Author’s Note: If you missed Part 1, Part 2, or Part 3 of our Chairman’s Corner series last month, read it now before continuing on with this article. All five questions to ask yourself prior to making a proposal are pivotal to a successful pitch.
You’ve made your “connection”. You have a precise message you need to get across. You’ve practiced and rehearsed your proposal. Now, it’s time to finally perform. Getting to this point is no small feat; however, you can’t falter now. This is the step that can ultimately determine whether your proposal will come to fruition or take a step backwards.
Part 4 of 5
The fourth question to ask yourself is: Do I Really Believe in What I am Presenting?
Be completely engaged. You need to believe in what you are presenting. It’s not enough to just “sell” it. If you aren’t excited about your idea, no one else will be either.
A few years ago, a man approached me on an airplane with an innovative idea regarding U.S. Defense. He knew who I was and decided to use this opportunity to make a connection. He was confident, knowledgeable and truly believed in his idea. Because he was prepared, insightful, and authentic in sharing his idea with me, I ultimately took his request to the committee. Shortly after that, he was invited to present in front of that particular committee in Washington D.C.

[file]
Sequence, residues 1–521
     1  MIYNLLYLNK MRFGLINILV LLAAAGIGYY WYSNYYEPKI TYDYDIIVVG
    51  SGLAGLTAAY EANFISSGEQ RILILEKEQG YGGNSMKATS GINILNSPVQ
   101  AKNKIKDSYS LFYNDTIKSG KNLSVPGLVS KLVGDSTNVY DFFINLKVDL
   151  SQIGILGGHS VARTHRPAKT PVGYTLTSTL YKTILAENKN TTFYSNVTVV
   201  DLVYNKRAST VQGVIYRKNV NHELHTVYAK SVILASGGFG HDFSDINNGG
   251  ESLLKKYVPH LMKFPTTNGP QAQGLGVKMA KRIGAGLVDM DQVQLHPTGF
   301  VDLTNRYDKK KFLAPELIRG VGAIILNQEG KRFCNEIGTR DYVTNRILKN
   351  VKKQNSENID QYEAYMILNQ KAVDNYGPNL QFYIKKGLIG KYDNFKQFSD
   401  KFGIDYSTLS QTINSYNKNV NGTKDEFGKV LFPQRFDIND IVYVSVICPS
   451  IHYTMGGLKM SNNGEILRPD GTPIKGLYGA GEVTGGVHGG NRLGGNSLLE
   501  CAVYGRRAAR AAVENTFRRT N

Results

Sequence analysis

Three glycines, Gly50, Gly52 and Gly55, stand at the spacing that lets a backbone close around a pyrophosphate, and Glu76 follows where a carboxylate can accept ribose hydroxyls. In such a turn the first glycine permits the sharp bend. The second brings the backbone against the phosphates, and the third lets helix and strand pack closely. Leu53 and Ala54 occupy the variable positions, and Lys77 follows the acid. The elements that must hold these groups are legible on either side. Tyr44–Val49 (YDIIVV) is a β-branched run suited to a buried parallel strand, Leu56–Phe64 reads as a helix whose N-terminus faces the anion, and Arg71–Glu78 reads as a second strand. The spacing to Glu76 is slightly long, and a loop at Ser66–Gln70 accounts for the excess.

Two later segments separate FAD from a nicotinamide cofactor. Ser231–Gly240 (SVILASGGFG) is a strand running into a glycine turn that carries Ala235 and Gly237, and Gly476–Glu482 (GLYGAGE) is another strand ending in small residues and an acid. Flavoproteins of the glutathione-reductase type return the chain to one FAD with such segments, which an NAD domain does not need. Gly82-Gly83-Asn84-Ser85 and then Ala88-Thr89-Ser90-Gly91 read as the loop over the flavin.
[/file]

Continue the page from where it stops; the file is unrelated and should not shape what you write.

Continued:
Just to give you a little background on this gentleman: he did not come from one of the big defense contractors. He didn’t have the “name recognition” some believe is necessary in order to be heard by Congress. Instead, he was simply passionate and professional in his delivery, both on the airplane with me and in his proposal to the committee. His proposal was ultimately accepted.
This success story is an excellent example of what can happen if you follow all of the prior steps up to this point. However, I’ve seen the other side of the above situation too. People finally get their shot to present in front of a committee and waste the opportunity. I’ve seen people turn into robots during their presentation, or they mumble statements and veer off topic. Just to reiterate this point one more time – thousands of proposals are sent to members of Congress. Hundreds of meetings are held. You have to stand out during your presentation. When you practice your pitch, make sure your authentic belief of what you are presenting shines through.